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Frenchman's Creek by Daphne Du Maurier

Frenchman's Creek (1941)

by Daphne du Maurier

Other authors: See the other authors section.

MembersReviewsPopularityAverage ratingMentions
1,289396,081 (3.82)119
  1. 10
    Captain Blood by Rafael Sabatini (avalon_today)
    avalon_today: pirates and romance. captain blood was more pirates than romance :-)
  2. 10
    The Winter Sea by Susanna Kearsley (avalon_today)
    avalon_today: Largely centered around the sea. Both have that bittersweet quality running threw the book
  3. 00
    Martha Peake: A Novel of the Revolution by Patrick McGrath (Bookmarque)
    Bookmarque: definitely not a romance, but a gothic tale of revenge. Partially set in Cornwall.
  4. 00
    Daughter of Fortune by Isabel Allende (Booksloth)

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» See also 119 mentions

Showing 1-5 of 39 (next | show all)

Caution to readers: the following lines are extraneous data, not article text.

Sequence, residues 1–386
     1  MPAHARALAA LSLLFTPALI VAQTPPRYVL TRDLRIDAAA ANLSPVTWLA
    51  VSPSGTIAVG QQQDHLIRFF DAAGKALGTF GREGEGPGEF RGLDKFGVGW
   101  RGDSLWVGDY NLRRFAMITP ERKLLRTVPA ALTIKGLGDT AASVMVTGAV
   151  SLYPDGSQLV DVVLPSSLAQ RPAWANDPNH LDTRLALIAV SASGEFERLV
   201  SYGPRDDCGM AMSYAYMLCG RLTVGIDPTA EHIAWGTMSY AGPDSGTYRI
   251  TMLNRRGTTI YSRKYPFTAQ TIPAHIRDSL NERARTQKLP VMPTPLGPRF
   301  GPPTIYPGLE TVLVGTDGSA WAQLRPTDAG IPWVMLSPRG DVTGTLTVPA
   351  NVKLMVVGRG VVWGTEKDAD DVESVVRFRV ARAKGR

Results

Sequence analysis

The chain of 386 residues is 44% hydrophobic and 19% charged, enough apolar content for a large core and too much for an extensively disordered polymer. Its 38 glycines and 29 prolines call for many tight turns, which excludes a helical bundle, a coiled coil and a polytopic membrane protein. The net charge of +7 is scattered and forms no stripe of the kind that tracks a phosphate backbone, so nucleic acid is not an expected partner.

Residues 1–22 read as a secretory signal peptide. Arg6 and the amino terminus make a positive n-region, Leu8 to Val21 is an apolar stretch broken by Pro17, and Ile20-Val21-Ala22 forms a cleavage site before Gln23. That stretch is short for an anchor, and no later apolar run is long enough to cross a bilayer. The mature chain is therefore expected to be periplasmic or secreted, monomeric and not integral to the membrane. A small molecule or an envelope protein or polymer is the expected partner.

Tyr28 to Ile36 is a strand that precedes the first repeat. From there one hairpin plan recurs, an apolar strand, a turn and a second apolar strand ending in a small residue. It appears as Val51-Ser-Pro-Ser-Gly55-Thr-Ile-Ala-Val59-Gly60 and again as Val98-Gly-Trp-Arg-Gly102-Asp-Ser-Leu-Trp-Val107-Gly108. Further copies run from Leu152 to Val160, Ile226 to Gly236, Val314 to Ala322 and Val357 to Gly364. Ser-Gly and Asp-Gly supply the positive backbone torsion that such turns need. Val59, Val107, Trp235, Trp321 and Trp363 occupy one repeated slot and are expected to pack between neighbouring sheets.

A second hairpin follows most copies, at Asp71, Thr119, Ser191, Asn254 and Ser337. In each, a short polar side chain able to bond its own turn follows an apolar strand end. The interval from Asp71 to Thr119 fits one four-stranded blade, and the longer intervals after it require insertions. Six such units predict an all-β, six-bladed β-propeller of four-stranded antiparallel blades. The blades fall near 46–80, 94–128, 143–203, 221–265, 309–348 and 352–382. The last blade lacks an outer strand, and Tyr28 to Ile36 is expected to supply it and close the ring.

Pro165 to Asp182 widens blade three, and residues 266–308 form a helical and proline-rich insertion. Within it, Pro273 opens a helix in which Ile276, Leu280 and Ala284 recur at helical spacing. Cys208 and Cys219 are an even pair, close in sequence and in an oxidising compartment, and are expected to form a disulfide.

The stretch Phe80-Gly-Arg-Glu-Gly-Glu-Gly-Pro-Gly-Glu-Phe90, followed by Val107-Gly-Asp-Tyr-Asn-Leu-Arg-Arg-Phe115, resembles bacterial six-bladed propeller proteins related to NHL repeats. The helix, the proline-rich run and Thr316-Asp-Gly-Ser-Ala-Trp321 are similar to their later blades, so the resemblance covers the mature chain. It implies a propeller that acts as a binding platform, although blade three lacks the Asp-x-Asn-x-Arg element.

Beautifully written as are all of Daphne du Maurier's books. Lyrical, poetic writing that's difficult to find in modern plot-based novels. It's a good book to help one to see behind the eyes and hearts of women of those times who must have felt so constricted and longed for freedom. I can understand. ( )
  Debjani_Ray | Apr 30, 2014 |
I'm a big Daphne du Maurier fan. She creates atmosphere like no one else, and wraps it around a good yarn.

Frenchman's Creek is one of her most famous books, but it's not among my favorites. The atmosphere is there, but the yarn it's wrapped around doesn't hold up as it may have years ago. Although the protagonist, Dona, is believable, the male characters (even the Frenchman) are thinly drawn and it's hard to believe the romance. Even harder to believe: that the men, however thinly portrayed, would buy a beautiful woman dressed in pants as a cabin boy. The last time that worked was the 16th century.

For a more absorbing duMaurier, try "The House on the Strand."